Thursday, September 5, 2013

The Kitchen House

Thanks to the Foxx for hosting a lovely BC. We started out with artichoke dip spread over crostini and pesto-topped hummus with sweet potato chips, courtesy of Logan's Run, followed by a fresh and delicious saute of shrimp, spinach and tomatoes, and polished off with a berry pie baked by Quakers in Idaho and lovingly transported by El Jefe 14 hours back to Cali in a cooler. An homage to our well-intentioned but ultimately futile Sun Valley BC.

The Kitchen House, by Kathleen Grissom, cooked in at a meager 5.3. This was the story of an Irish girl named Lavinia ("Abinia" in the author's rendition of southern slave dialect) who was an indentured servant and was raised by the plantation slaves with whom she worked. On the positive side, several of us really got into this story (albeit after a slow start) and found it to be riveting enough to overcome the frankly depressing nature of the subject matter. Also, the characters were well developed and therefore interesting, even if not likeable. The detractors found the story to be overly dramatic-- the Maharani actually compared it to a telenovella-- with rape followed by beating followed by molestation followed by morphine abuse. Although these tragedies undoubtedly were all too commonplace in the sad and harsh world portrayed by The Kitchen House, our group felt that the novel was so packed with them that it dulled the effect on the reader. For example, one person mentioned that by the time Ben's ear got cut off, the gruesome incident came across as just one more violent act in a parade of horribles rather than a shocking scene that stopped the reader in her tracks. Some also simply didn't like Abinia: although she struggled with her place between the white and black worlds, she was a people pleaser and a weak character who didn't garner much sympathy. In fact, there was more discussion over Marshall, who suffered years of cruelty and molestation at the hands of his tutor and emerged a ruined and abusive man himself. The trauma of his childhood resulted in Marshall growing up to be more comfortable banding together with the diabolical slavemaster Rankin that with his own family members. Finally, Ms. K. felt that that the book was a "Roots" copycat-- not very original except for the indentured servant twist; a historically interesting theme but ultimately not enough to salvage the overall rating.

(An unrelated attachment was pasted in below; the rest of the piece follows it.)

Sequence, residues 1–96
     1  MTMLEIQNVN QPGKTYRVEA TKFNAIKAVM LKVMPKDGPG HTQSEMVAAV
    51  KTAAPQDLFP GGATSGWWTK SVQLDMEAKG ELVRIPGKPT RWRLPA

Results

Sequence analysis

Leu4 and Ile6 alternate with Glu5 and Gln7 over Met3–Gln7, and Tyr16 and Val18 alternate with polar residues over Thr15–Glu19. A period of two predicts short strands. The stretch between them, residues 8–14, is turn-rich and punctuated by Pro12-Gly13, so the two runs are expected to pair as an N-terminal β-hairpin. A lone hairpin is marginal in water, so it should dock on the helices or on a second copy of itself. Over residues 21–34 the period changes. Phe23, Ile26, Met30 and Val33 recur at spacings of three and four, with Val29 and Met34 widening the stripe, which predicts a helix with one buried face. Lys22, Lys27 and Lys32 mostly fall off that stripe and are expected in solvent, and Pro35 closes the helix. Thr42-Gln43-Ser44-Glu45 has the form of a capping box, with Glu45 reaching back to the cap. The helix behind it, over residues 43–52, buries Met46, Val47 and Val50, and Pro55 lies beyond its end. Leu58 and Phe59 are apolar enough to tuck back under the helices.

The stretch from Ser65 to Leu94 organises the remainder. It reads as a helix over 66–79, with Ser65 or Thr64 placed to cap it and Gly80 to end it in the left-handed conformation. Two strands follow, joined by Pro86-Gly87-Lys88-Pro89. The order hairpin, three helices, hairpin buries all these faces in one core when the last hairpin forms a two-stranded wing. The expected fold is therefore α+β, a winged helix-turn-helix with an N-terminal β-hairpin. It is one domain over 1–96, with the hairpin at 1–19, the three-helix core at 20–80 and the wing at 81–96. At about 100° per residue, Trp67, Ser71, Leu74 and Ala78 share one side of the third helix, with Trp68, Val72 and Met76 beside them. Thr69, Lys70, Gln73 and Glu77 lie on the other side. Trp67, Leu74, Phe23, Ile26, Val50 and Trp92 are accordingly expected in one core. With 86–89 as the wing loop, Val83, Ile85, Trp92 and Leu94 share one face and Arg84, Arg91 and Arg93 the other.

Admittedly, having real trouble figuring out what pictures to include....

Stay tuned for the recap of The Interestings! Until next time, read early and often.. xoej

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